Many Americans have been unable to pay their electric bills during the COVID-19 pandemic, racking up billions of dollars in delinquent bills. Where will the money come from?
Hand hygiene is a critical part of the response to COVID-19. Washing hands at regular intervals during the day is essential. If water and soap are unavailable, hand sanitisers are an alternative.
The danger of consumers being given false and misleading information by commercial price comparison websites requires regulation.
Orders to fix serious defects, even up to ten years after completion, and to delay the occupation certificate developers need to sell apartments until they're fixed, gives regulators real teeth.
Data breaches are on the rise, but blockchain can provide a secure way for consumers to manage their data and their privacy.
What does it mean to call a nonfood product like lipstick organic? Federal regulators allow such claims, but have set few standards defining them.
Governments and regulators assume compliance with building regulations will restore public confidence. But complying with the National Construction Code won't fix many common defects.
Failure of corporations to protect data means that government regulation is required to ensure corporation compliance.
An entire industry exists to trade on your personal data - everything from your shopping habits to your political views and medical conditions. The results can genuinely harm consumers.
Consumers want better protection for their data, and businesses want clear national laws. Yet there is virtually no consensus about what a broad privacy law should entail.
Years of regulatory failure are having direct impacts on the hip pockets of the many Australians who bought defective houses or apartments. It's turning into a multibillion-dollar disaster.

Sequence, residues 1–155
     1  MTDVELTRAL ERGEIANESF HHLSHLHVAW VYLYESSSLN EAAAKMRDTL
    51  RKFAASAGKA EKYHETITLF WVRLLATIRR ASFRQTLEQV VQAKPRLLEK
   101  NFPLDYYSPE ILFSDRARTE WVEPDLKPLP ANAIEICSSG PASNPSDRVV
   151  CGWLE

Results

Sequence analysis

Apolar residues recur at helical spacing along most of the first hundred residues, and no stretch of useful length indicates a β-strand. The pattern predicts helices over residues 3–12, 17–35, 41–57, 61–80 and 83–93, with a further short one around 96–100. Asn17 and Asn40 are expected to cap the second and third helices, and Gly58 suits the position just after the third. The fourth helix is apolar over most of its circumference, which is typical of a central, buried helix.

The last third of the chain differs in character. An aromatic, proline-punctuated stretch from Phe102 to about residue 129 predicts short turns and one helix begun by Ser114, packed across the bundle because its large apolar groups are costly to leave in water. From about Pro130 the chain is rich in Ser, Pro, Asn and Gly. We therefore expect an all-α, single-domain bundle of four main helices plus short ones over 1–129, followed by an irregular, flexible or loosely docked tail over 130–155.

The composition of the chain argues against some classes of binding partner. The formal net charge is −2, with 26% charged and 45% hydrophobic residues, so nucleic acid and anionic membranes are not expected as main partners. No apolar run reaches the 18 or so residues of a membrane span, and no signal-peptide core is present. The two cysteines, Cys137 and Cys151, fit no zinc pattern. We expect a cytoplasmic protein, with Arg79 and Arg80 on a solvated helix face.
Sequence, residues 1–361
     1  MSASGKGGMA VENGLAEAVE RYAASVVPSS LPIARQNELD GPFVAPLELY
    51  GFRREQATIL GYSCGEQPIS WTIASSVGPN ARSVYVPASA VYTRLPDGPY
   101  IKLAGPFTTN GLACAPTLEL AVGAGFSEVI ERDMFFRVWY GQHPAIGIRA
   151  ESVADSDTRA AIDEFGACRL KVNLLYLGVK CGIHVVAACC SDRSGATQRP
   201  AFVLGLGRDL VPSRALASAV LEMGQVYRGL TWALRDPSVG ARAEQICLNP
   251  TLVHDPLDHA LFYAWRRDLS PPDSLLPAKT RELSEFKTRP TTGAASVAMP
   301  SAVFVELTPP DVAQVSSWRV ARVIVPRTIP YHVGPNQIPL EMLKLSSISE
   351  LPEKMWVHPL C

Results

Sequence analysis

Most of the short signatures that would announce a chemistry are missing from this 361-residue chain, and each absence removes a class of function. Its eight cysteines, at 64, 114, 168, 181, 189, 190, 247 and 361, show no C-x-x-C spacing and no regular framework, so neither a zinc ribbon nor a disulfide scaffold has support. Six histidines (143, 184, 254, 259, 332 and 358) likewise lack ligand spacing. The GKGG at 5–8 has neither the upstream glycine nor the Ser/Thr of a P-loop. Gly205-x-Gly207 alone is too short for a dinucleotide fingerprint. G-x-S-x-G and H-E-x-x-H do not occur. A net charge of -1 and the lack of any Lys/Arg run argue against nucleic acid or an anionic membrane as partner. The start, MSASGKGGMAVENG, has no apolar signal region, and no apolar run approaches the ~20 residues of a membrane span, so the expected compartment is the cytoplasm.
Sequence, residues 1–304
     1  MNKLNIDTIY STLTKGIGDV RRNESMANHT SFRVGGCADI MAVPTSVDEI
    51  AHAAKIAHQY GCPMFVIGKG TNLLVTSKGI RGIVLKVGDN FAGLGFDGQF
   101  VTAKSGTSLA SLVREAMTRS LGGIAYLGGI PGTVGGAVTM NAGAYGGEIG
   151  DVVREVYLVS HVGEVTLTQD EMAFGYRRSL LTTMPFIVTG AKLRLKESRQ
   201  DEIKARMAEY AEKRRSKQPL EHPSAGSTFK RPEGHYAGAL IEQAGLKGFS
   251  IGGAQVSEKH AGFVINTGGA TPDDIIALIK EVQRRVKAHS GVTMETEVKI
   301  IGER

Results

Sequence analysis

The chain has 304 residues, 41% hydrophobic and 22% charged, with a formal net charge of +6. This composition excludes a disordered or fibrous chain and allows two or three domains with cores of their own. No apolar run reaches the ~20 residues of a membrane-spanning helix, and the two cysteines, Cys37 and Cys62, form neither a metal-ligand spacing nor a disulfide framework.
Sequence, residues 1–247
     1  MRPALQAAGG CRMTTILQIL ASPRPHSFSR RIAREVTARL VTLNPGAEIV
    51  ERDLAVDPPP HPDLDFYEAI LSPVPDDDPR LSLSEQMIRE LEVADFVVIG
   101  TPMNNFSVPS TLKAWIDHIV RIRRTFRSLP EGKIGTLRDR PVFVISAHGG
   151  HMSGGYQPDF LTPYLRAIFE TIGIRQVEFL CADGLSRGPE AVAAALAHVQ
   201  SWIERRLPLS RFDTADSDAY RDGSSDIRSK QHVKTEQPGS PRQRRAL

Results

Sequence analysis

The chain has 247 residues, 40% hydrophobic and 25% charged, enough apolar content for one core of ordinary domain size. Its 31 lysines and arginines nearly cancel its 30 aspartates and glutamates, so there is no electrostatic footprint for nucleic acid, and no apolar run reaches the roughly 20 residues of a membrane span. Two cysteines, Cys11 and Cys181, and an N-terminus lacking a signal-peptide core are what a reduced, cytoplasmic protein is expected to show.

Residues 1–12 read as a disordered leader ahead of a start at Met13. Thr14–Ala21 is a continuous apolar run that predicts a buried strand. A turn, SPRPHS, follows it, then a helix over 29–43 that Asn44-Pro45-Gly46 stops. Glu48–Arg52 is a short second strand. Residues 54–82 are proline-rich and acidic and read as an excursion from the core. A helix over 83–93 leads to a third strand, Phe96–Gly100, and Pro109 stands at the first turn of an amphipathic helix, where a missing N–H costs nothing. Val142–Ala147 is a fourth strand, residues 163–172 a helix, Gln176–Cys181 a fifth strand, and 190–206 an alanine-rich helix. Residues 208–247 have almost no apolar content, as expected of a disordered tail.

JFK pushed consumer rights to the top of the national agenda in 1962, leading to a raft of new laws offering new protections. But without enforcement, such rights are meaningless.
Smart meters are being rolled out across Australia, offering the opportunity to share data with third parties who promise to help you find a cheaper deal. But this requires strong consumer protection.
It may come as a shock to discover that businesses are allowed to pay local authorities for advice on environmental health standards and food labelling.
The case of this cult-like group shows health consumers need better protection.
The decision by the bureau's founding director to step down this month offers Republicans and the Trump administration a chance to finally gut the bureau they've long despised.
Many of the online testimonials you might read for dentists and other health professional can not only mislead, they can be illegal.
When the United States was settled, nearly everyone was a farmer. Today only 2 percent of Americans live on farms, and many of us are illiterate about where food comes from or what kinds are healthy.
Political and community leaders must act now to preserve the American middle class and adapt the US economy for the 21st century.
'Internet of Things' devices come with many risks, but current laws may not protect us. Until they do, it may be best to steer clear.